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Planning a DIY renovation? Get it right

In this age of DIY and the pandemic confining us to our homes for longer than we like, many of us have tried to make our homes Pinterest-worthy and Instagrammable.

Published: 21st October 2021 12:51 AM  |   Last Updated: 21st October 2021 09:38 AM   |  A+A-

Express News Service

HYDERABAD: In this age of DIY and the pandemic confining us to our homes for longer than we like, many of us have tried to make our homes Pinterest-worthy and Instagrammable. We scroll through social media for ideas to redecorate and renovates our space. 

Be it something as simple as changing the vibe with some wallpaper to complex alterations such as widening a room, installing a partition or reposition the entrance. This can get tricky, sometimes causing unnecessary damage and denting the value of your property. To avoid this, architects strongly suggest renovating your space with the help of professionals.  

“DIY renovation is perhaps the best way to go about revamping your house, as only you can reflect your feelings, thoughts, emotions, sensibility and identity most accurately. But speaking as a commercial architect, I don’t think it’s a good idea,” says city-based architect Srinivas Murthy, who has his office, SMG Design Inc, on Banjara Hills Road No. 14. 

Creating space 
If you are someone who loves celebrations and throws parties often, space is a must. This can be achieved by decluttering or placing furniture in symmetry. “Create the illusion of space by playing with light and ventilation. Allow plenty of natural light and make sure that the walls are painted with light colours and are flat plastered instead of textured,” says Srinivas. On the other hand, if you don’t have too many people visiting too often, there are no rules. What matters here is comfort. “Take for instance a working couple. They would want a cosy and comfortable space. The would make changes keeping in mind the low-maintenance factor,” he says.    

Rope in professionals 
Sometimes, it can be hard to figure out where and how to start. Not everyone can visualise changes or ideas before executing them. Also, knowing which change works and which may harm the structural integrity of a house can be confusing. “It is okay to be confused rather than take bold steps when it comes to renovating a structure. Hence, it is a must to seek professional help. For instance, removing a column, a beam or breaking a wall to create space would mean tweaking the primary structure of a house. You will need professional advice for this,” says Shankar Narayan, who runs Shankar Narayan Architects in Trimulgherry.

Even if you decide to go ahead without an architect or structural engineer on board, there are certain things to keep in mind. The most important is to learn about what holds a building together -- pillars, beams, walls and the ceiling. Do not distort these. “You can still play with brick walls -- by breaking the doors or windows etched in them or removing them altogether to create space or adding a wall as a partition. Just make sure that the wires and pipelines passing through these walls are not disturbed,” Shankar says, casting light on what mistakes to avoid while revamping your home. 

Maintain structural integrity and aesthetics 
As houses age, they tend to become forlorn with neglect and poor renovation. It becomes difficult to live in them as the modern-day comforts cannot be accommodated. Walk through the bylanes of Old City and you will find many such ancestral homes which are in poor condition.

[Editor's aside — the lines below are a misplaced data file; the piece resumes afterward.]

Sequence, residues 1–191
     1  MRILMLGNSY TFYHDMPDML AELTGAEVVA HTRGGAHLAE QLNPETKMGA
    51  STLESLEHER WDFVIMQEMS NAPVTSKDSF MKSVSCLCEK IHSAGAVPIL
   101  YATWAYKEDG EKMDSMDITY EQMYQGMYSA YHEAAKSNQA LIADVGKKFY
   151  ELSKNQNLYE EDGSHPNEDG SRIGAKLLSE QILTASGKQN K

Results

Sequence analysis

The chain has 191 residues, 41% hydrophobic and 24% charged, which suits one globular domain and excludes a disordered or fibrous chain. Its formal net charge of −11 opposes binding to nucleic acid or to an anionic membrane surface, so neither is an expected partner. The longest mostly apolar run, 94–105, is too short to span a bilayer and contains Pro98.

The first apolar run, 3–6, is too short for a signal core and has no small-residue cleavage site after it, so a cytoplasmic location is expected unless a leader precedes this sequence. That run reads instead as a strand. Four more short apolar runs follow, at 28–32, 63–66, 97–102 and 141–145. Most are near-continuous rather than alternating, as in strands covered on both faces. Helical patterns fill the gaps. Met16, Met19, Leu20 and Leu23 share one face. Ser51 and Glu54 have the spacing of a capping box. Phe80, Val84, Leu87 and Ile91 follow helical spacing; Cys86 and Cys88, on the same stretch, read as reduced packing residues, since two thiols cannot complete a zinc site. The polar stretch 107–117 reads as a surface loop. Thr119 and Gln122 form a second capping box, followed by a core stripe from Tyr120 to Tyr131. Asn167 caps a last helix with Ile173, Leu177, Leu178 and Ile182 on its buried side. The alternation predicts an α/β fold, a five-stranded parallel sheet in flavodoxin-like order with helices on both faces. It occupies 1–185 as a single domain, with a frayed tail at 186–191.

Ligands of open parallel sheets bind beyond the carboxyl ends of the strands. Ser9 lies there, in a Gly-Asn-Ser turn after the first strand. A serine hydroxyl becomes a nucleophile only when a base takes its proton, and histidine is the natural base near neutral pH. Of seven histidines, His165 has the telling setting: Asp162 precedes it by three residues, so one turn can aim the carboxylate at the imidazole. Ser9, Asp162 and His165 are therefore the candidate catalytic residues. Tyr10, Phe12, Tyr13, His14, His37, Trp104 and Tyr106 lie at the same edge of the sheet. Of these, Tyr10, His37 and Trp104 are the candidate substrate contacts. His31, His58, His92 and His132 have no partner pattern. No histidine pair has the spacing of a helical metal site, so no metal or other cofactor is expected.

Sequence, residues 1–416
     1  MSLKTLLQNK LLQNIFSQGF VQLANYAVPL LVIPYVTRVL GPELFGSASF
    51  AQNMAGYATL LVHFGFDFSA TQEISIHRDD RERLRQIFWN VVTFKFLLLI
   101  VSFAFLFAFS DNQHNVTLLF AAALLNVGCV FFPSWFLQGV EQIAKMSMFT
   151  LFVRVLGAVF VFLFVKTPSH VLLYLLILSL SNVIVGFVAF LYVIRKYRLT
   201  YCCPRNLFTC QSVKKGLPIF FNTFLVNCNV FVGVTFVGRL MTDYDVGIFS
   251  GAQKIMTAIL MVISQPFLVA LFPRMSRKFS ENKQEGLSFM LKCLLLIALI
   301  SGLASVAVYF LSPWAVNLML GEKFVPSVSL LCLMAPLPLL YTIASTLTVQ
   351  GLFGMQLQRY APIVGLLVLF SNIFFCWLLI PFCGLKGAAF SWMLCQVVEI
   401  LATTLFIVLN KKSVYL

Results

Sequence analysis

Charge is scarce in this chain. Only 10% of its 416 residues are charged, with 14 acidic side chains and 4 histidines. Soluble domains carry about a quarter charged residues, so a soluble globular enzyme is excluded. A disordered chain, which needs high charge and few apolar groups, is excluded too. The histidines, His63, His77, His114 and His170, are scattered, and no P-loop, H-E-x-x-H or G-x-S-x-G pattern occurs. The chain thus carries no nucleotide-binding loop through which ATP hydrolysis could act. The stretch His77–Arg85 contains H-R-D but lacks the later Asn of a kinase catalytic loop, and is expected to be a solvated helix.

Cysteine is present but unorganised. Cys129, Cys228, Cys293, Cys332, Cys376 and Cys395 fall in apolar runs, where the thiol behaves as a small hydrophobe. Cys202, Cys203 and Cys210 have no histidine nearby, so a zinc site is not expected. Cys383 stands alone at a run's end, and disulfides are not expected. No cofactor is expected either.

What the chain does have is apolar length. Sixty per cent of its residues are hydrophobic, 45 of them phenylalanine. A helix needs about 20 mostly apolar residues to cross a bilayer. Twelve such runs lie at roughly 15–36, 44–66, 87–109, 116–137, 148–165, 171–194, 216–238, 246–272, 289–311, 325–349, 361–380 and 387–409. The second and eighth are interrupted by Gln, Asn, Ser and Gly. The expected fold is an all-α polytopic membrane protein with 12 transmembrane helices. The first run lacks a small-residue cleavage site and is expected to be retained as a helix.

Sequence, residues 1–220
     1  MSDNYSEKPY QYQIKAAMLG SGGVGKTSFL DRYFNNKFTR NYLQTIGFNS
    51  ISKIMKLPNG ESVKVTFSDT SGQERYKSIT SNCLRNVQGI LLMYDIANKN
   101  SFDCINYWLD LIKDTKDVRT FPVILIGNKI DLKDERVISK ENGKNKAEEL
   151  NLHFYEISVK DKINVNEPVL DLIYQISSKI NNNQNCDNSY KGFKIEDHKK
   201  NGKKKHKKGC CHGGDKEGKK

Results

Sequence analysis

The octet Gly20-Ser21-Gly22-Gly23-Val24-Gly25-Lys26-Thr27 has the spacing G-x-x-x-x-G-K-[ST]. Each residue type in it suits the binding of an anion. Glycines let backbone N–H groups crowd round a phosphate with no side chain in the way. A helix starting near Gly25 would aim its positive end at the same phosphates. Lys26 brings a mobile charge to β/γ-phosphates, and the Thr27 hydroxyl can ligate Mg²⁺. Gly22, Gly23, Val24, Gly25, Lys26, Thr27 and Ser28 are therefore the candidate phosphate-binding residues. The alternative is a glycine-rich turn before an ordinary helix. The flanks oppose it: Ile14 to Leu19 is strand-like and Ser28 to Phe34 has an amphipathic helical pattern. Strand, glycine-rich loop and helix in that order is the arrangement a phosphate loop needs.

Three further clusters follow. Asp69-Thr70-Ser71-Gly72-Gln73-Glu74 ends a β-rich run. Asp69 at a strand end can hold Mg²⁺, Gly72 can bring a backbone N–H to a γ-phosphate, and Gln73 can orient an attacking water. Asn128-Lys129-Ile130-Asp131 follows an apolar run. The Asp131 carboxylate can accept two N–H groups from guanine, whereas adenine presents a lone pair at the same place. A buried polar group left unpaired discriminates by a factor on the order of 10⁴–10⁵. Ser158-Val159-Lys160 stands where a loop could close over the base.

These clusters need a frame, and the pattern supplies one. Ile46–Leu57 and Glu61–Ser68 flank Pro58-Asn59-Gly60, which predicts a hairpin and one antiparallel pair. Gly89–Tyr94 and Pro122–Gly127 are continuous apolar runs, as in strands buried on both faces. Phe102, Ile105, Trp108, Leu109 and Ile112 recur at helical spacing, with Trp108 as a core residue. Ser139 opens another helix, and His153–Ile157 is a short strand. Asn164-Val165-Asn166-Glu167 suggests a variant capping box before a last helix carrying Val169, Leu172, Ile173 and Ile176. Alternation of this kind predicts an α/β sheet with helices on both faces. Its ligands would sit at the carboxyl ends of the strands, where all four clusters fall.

It takes special care, attention and sensibility to restore such homes and bring them up to shape to suit the contemporary, tech-driven lifestyle without defacing them. “While renovating an ancestral home, it is critical to preserve its significance. In some buildings, it is the gateway, in some, it might be the hallway, a room or the courtyard. The identity must be preserved as it has been carried down for generations,” says conservation architect Ratish Nanda, who is the CEO of the Aga Khan Trust for Culture (AKTC). The Trust is currently restoring the Qutub Shahi necropolis in the city.

“It is possible to restore a heritage home without compromising on its design and historic character. A sensitive architect or an owner can integrate modern-day infrastructure into it. Wherever possible, we have to use the material that was used in the past -- such as wood, lime, stones or other decorative elements. We also have to try and make sure that we do not play a lot with textures and patterns as it would not gel with the character of the building and may end up looking edgy,” says Ratish.

Bear in mind 

Make a budget and stick to it

Renovations can cost a bomb. Prepare a budget and try to stick to it. That said, keep aside a buffer fund just in case the bill shoots up 

Don’t compromise on functionality 
Certain elements of a house are meant to be where they already are. For instance, a window, the door or the plumbing system

Buy furniture at last 
It is never wise to buy furniture until the project plans are finalised. The measurements have to be accurate and should complement the paint textures and lighting 

Focus on essentials 
Pick elements that add long-term value to your home, such as storage. Make sure they 
have some aesthetic appeal to complement the architectural style you are going for 

Get it right 
Home renovations need to have accurate measurements. It can save you a lot of money. Besides poor fits are an eyesore

Who would not want their home to be Pinterest-worthy and Instagrammable? In the last two years, many of us have scrolled through  social media in search for inspiring DIY home ideas. While DIY home renovation may sound adventurous, it is way trickier than we think it to be. City-based architects share some tips so that we don’t mess up our space



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